Book Review: Eighty Days Yellow, Vina Jackson

| 11 December , 2012 | Reply

A professional violinist and a literature professor become embroiled in a seductive, manipulative romance in Eighty Days Yellow, the first novel in a trilogy by Vina Jackson, a pseudonym for two established writers.  Summer Zahova is a well-travelled New Zealander living in London and making a living off waitressing and playing violin professionally.

Trapped in a loveless and relatively lustless relationship, Summer uses her love of Vivaldi to escape. After Dominik, a literature professor, happens upon her whilst busking in the London Underground, he makes it his mission to involve himself with Summer. Beginning with the promise of a professional violin to replace Summer’s after it was destroyed in a brawl, Dominik mixes the beauty of music with sexual intimacy, asking Summer to perform increasingly lavish acts.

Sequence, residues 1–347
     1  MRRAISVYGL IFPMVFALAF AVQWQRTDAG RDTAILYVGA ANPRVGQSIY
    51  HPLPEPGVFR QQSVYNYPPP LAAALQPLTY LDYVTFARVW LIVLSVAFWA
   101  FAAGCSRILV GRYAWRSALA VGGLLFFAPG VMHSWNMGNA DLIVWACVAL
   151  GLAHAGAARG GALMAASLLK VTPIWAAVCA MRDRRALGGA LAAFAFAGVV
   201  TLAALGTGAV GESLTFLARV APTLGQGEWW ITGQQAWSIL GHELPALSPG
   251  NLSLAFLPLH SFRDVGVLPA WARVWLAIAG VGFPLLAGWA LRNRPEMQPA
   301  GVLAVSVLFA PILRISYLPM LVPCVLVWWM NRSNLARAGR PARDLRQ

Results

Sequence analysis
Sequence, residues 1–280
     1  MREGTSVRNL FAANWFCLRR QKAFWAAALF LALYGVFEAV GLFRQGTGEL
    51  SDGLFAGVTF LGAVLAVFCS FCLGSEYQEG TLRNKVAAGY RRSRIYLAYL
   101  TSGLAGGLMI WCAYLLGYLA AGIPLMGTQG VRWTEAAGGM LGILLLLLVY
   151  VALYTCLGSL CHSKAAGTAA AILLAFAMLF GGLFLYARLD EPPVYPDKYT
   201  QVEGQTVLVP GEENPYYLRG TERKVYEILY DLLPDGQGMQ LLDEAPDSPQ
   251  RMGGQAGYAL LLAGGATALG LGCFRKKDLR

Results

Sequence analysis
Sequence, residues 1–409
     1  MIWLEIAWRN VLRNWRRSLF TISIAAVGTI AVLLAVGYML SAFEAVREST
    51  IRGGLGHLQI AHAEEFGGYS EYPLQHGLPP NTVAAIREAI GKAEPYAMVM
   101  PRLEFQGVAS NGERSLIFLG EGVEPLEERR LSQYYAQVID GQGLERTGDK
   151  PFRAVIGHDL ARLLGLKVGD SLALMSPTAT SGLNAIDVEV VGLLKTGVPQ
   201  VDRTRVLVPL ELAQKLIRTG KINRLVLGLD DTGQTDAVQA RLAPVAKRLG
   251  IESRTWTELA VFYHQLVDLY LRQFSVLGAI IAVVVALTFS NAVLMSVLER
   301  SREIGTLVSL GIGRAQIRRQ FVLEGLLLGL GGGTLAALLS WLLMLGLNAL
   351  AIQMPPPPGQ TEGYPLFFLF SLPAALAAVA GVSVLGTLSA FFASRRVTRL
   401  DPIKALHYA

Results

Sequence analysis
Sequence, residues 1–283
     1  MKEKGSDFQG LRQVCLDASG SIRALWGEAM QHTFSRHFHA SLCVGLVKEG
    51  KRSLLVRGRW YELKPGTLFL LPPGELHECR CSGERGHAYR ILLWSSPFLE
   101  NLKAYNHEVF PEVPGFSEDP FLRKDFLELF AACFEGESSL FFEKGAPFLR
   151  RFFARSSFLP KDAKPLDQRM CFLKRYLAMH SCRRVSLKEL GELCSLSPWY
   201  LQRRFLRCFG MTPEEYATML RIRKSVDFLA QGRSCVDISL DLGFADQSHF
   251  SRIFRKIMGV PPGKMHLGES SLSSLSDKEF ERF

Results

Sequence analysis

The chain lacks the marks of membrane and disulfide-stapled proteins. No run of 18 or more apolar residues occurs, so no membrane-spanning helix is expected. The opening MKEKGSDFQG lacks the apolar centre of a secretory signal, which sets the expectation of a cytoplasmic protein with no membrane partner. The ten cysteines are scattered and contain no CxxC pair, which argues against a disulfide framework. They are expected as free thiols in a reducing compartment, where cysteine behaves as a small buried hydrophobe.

This dominating relationship both enriches and ruins Summer’s life. Having been selected to be a violinist in a New York orchestra, Summer finds herself making up for her loneliness by submitting to worse and worse sexual acts performed by one of Dominik’s colleagues.

The growth of Summer’s character is a key theme in Jackson’s Eighty Days Yellow, as she discovers confidence she wasn’t aware she held, sinks to levels lower than she’d ever imagined, and eventually finds herself in a happy and equal relationship. Jackson’s sex scenes get rather graphic, in a generally positive manner, yet managing to demonstrate the destructive capabilities of some relationships. Jackson’s inclusion of music adds a pure beauty to the novel, managing to describe some things perfectly, in a way I never could have imagined.

Eighty Days Yellow continues the current trend developed from the popularity of Fifty Shades of Grey, incorporating intelligent, strong-willed, admirable characters.

Available now: Hachette RRP$17.99


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